Hairy Scary

The idea for this image came in a flash.  Ella and I were sitting in the living room.  I was reading the Sunday New York Times and Ella was behind me, on the other side of the room brushing her hair with what could only be called extreme prejudice.  She was starting at the roots, with a big, prickly brush, and reversing the length of her hair in long, jerky strokes, punctuated with frequent grunts, sighs and what almost could be called growls.  After about 15 minutes of so near constant racket, all the grunting stopped and I looked up to see Ella staring in the mirror.  


Now we all have big hair in this family from my wife to the kids to even little old moi.  When we go to restaurants and are just about to order, the waitress will say, “My God, you guys have such amazing hair!”  When we go out shopping and Ester is trying on something and we’re all waiting around near the dressing room, one of the sales folks will walk by and say “Damn, I wish I had hair like that!”  When we’re getting on a connecting flight from London to Stockholm and we haven’t really slept in twenty or so hours, an overly cheerful flight attendant greet us as we board a shitty little commuter flight with “Well, goodness what lovely hair you all have!”


You get the point.  


Be that as it may I was ill prepared for how absolutely ginormous Ella’s hair had gotten.  All of that brushing had puffed and feathered and poofed it all out to the point that there were bits that, even under normal big hair conditions, should have gone straight down that seemed to be lunging-out directly to the sides in a gravity defying vector that I have truly never seen before.  Poor thing.  She looked miserable at first, this tiny toothpick of a child topped with a head of hair that looked ready to attack whatever came walking by for first for food, but then she just started laughing.  


And I started laughing too.  I grabbed my camera and made a few images of her.  Then I got the idea to lay on the ground and shoot upwards.  With all of that hair going everywhere I knew it would be perfect so I threw myself on the floor and pushed myself around on my back with my legs ‘till I found the sweet spot.  I loved the way that hair cut her off at the eyes and it was so long that it just gradually swept out of focus.  I made two more frames, all the while making jokes and laughing about that monster hair of hers.  When I was a kid one of my brother’s friends, who constantly cut his hair to a millimeters length, made stickers that said “Hairy Scary” and plastered them all over the place.  I hadn’t thought about those stickers in ages but as I was squirming around on the floor taking pictures of my daughter and her enormous frightening hair, I found those exact words coming out of my mouth and they elicited such a hysterical response from Ella that she started hic-up’ing uncontrollably which made me laugh so hard that I had tears in my eyes.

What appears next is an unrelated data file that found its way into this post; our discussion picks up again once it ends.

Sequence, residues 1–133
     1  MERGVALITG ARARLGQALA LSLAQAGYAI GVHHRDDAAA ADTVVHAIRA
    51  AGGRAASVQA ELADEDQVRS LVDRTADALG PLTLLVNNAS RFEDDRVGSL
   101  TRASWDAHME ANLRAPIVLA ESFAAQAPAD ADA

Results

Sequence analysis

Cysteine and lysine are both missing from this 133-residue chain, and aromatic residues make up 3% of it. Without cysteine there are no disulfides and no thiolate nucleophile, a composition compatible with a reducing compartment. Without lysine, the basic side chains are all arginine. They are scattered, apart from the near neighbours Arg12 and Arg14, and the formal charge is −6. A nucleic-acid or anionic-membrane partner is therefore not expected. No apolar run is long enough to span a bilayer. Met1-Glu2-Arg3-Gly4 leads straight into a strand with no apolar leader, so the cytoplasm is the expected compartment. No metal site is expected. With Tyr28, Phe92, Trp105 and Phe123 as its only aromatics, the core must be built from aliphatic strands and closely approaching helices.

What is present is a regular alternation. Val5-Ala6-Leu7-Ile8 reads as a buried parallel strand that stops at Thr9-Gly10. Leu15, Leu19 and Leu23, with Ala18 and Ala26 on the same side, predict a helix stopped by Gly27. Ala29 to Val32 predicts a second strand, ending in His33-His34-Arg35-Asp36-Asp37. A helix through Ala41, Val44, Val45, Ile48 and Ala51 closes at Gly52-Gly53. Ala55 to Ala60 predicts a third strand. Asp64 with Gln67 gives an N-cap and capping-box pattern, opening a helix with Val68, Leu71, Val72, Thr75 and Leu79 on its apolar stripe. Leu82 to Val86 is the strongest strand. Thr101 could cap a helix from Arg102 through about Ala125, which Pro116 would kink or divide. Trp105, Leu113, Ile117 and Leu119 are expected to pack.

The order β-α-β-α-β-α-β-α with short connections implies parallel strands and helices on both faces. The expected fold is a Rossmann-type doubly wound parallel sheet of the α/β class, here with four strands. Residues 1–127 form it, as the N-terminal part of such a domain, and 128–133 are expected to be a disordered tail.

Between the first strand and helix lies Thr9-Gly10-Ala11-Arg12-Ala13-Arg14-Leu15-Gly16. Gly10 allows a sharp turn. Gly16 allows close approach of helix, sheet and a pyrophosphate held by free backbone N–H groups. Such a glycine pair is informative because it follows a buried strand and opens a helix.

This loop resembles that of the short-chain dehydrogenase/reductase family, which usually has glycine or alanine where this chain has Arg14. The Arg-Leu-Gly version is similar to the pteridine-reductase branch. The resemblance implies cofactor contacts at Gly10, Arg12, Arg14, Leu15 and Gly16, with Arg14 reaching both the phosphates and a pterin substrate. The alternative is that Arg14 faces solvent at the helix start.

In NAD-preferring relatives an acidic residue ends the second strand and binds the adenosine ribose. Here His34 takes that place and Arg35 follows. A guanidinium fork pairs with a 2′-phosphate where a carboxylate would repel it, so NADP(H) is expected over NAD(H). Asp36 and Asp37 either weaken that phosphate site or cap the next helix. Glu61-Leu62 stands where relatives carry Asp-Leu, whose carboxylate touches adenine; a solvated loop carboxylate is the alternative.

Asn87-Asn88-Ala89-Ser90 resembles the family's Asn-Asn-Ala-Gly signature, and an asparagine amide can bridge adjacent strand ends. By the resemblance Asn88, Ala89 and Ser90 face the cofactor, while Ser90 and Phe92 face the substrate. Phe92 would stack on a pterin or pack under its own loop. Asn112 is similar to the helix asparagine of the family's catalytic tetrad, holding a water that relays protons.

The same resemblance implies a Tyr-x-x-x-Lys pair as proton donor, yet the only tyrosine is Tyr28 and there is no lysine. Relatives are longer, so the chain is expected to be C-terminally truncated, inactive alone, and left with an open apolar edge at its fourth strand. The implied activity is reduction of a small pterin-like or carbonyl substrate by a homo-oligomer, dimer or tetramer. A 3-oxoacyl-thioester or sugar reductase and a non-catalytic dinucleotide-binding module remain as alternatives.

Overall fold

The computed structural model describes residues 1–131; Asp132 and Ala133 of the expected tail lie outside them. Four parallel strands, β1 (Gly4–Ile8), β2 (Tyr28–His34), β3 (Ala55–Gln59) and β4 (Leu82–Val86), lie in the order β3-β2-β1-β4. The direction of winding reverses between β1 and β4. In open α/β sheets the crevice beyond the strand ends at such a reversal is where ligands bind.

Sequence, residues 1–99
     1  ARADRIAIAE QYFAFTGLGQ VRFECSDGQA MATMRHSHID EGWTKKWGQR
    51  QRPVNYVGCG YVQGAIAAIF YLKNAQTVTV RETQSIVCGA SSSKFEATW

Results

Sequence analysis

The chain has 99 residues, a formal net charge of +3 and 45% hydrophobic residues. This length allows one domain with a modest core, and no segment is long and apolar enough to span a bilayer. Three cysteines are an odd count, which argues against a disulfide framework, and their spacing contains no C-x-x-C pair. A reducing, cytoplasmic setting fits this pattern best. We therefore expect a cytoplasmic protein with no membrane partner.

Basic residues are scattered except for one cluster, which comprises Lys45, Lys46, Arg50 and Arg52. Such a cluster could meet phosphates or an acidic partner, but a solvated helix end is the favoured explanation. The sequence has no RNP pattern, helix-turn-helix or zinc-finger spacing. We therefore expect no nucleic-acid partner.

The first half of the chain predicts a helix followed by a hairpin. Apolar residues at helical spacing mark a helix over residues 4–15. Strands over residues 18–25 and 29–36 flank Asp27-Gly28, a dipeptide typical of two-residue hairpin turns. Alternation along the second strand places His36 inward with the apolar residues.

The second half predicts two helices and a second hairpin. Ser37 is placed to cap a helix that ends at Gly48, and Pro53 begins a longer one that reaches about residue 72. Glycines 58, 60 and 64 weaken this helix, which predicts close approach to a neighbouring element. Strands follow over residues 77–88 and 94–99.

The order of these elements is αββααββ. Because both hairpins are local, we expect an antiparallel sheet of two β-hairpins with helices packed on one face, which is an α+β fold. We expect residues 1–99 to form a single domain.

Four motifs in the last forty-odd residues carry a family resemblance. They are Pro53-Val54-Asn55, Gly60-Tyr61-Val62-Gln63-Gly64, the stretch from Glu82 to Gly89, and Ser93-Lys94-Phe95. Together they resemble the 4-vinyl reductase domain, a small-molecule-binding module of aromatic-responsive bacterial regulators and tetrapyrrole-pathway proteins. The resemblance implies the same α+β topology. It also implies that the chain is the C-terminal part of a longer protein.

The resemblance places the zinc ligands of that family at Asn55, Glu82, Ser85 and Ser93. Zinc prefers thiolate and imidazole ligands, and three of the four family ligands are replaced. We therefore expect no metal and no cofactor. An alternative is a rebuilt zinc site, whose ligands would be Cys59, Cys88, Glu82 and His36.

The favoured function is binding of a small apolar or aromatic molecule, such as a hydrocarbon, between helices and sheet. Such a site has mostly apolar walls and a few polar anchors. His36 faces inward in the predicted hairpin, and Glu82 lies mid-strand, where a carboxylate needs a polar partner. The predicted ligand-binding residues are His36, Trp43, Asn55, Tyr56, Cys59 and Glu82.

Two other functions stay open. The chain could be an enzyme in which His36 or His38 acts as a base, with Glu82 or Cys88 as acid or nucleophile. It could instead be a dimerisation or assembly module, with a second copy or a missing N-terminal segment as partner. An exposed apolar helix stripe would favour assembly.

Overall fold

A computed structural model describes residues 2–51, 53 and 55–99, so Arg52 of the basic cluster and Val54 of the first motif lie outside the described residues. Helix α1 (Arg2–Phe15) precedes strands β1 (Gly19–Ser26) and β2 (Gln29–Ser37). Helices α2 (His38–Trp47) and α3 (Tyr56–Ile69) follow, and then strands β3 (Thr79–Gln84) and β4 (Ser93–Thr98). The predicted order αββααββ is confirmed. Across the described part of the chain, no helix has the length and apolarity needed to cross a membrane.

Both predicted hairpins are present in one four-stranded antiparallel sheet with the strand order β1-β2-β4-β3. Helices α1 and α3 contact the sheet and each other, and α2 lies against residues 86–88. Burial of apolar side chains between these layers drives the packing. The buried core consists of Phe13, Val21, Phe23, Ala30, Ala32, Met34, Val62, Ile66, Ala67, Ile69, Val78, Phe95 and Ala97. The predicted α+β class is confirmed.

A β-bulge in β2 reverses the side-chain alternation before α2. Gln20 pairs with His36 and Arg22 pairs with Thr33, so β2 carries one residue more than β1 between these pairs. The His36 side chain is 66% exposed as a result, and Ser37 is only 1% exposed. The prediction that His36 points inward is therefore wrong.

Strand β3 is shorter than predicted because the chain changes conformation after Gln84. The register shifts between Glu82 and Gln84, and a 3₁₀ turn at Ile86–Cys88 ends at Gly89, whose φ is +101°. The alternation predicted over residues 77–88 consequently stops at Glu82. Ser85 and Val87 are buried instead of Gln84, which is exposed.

That was a good Sunday. 


“Hairy Scary” shot on my Leica M7 with the 35mm Cron on Kodak Tri-X 400 pushed to 800 at the Icon.    


Low

One of the best parts about living where I live is that I’m only a stones throw from the Venice Beach boardwalk.  Venice is seething with images just begging to be made and time after time when I head down there, close to sunset with a fresh roll it never disappoints.  Whether it’s the freak show or the skatepark or whatever random event occurring in between, you find images–even if they’re not the ones you thought you would make.  


Such was the case with this one.  On the way to the skatepark there had been only a handful of scenes that had caught my eye.  I had managed to get off a couple of frames but missed equally as many.  I was feeling off.  Something wasn’t hitting right.  As I walked, my mind wandered from this to that.  I was taking in the world in front of me but more and more at a subconscious level.  It’s that phase for me between attention and recognition where I can make out shapes and tones but context slowly recedes, dripping silently away, and I’m left with a purely abstract impression of the events unfolding around me and an unspoken narrative running in my head.  


Usually something happens to snap me back–a scene predicates an image, shooting an impulse down the nerve to my right hand, forcing a hard-break from the on/off switch mantra of left/right/left, and into bringing the camera up to my eye so I can interpret the events unfolding in my mind’s viewfinder.  Usually.  This time I snapped out of it because I almost got run over by a woman in a bikini on 80’s roller-skates wearing pink-heart-shaped sunglasses amidst a fury of red curly hair.  I whipped back to reality just in time to jump out of the way but not early enough to make an image.  I had wandered on to the bike path by the skate park without noticing.